Doodle Dad Life

On January 17, the year of our Lord, 2023, I took our Goldendoodle to the groomer for a trim. Tucker is his name. Properly, Tucker Scout Mitchell. He has a full three names in his name. That’s how much of a doodle dad I am.

The backstory of why we have a doodle is pretty simple. My wife doesn’t like hair on her pants. Or couch. Or floor. To be fair, neither do I. Thus, the doodle is a genetically engineered dog for people who don’t actually want a dog.

Cute, right?

If you’ve never tried to purchase a Goldendoodle, or a black market vital organ, just know that the process is similar to that of the Hunger Games. There are lists, down payments, and alliances… If someone else on the list ahead of you mysteriously vanishes, it’s not all loss and isn’t your fault.

The etymology of Doodle, it turns out, is German for, this dog will cost you everything.

You see, doodles require meticulous grooming. I am lucky if my three human daughters’ hair gets brushed every day.

I Wanted a Dog the Least

When Tucker does get brushed, it’s usually because I brush him. I pretty much do the most for him which makes sense because I wanted him the least.

And I knew what would happen.

Against my otherwise unbreakable will, I’ve bonded with the bugger. He went to work with me on the daily for a year coming out of COVID protocols. We’re thick as thieves. It’s to the point that I actually felt some anxiety leaving him with the groomer. Granted, I feel anxious 80% of the time, so there wasn’t a lot to be concerned about.

My greater concern was the end of the day.

8 Hours Later

Pickup time.

Like many businesses, the groomer decided that even after Covid the whole not interacting with people was best for everyone. You arrive, call the number posted outside, and they bring your beloved pup out to you.

Waiting in the car on a dreary day, having wondered hour after hour what Tucker would look like, I was strangely giddy and slightly fearful for what I’d see.

The rain falls. I wait.

Sheila emerges from a concrete path lined by hedges. It was as dramatic a scene as my Tennessee Volunteers running through the T in Neyland Stadium.

Then I saw a dog trailing somewhat slothfully behind Sheila. I felt sorry for whoever was taking that one home. Not only was the dog mostly hairless, but I’m also fairly certain its soul had been taken in the process.

Sheila passed by the only other car in the pick-up zone. Oh dear. Clearly, Sheila has made a mistake. This wasn’t my precious Tucker. When Sheila opened the back door and put the animal in my car, it acted like it knew me. At that moment I realized I was going home with this doodle lite version of a doodle.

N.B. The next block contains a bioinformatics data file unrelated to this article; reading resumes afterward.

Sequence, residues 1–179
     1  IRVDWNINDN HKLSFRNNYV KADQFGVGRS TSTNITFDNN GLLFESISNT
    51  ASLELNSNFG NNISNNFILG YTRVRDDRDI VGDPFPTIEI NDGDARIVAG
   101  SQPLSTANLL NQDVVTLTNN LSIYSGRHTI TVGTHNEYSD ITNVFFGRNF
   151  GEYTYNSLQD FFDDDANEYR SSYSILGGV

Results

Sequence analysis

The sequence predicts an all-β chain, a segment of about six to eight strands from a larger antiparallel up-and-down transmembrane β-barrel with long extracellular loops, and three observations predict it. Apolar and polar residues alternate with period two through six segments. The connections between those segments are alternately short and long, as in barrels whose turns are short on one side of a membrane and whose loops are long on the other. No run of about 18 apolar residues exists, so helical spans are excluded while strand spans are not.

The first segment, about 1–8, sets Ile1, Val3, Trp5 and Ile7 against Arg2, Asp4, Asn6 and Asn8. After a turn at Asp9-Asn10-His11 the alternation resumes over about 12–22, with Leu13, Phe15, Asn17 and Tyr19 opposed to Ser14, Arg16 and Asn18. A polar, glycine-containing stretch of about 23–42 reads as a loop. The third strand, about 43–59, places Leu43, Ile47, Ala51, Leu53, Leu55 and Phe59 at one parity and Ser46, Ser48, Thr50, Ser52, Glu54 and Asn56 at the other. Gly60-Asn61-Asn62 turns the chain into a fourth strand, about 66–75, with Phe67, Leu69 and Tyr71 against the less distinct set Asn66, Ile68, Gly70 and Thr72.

The part of the exchange I appreciated the most was when Sheila vocalized that she had to shave Tucker. That felt like an unspoken to me since I’d dropped off the likes of Chewbacca that morning.

I joked around a bit about not liking his hair anyways, and she struck back fast.

“Yeah…he’s an every day brush.”

Excuse me?

“You have to brush him every single day. And make sure you work around his mouth to get him used to that so he doesn’t nip at me next time.”


There’s More…

Like an aging mother telling her adult child all of the unfortunate things happening with her body, Sheila then informed me that she’d gotten really deep into his ears and cleaned those out. “He’ll be shaking his head quite a bit for the next few days.” Apparently, whatever hair the doodle doesn’t shed just relocates to its ears. Super.

“And don’t worry if he forms some hematomas around his ears, that’s normal.”

I’m not a doctor, Sheila.

One Last Thing

I was ready to say thanks and head on to hear the collective groan of my family, but she wasn’t done. Sheila leaned in(to) my rolled-down driver-side window. Real serious-like she lowered her volume and flattened her tone, “Just so you know, his anal glands were about half full.”

And then she just kept staring into my eyes, as if to say, “I think you know what I’m saying.” 

I did not.

Is 50 a good percentage of anal gland fullness?

How are we keeping score? Is this like golf where the lower number is better, or are we playing basketball and I need to get more into those glands to win the game? What are we even doing at this point, Sheila? What is this dance?

All I know is I dropped off a vibrant, one-and-a-half-year-old doodle who seemed pretty satisfied with his hairiness and his anal glands at the time, and I was going home with the equivalent of a 94-year-old man who needs around-the-clock care and is most definitely going to pass the time by scooting his rear across my living room rug. 

But it’s fine because there is absolutely no hair getting on my wife’s pants. 

One comment

  1. Julie Fleenor · February 6

    I literally laughed out loud when I read this! Being a doodle owner myself, I completely related to ALL this! From the “I want a dog that doesn’t shed” to “why does her butt smell like SHRIMP?!?”

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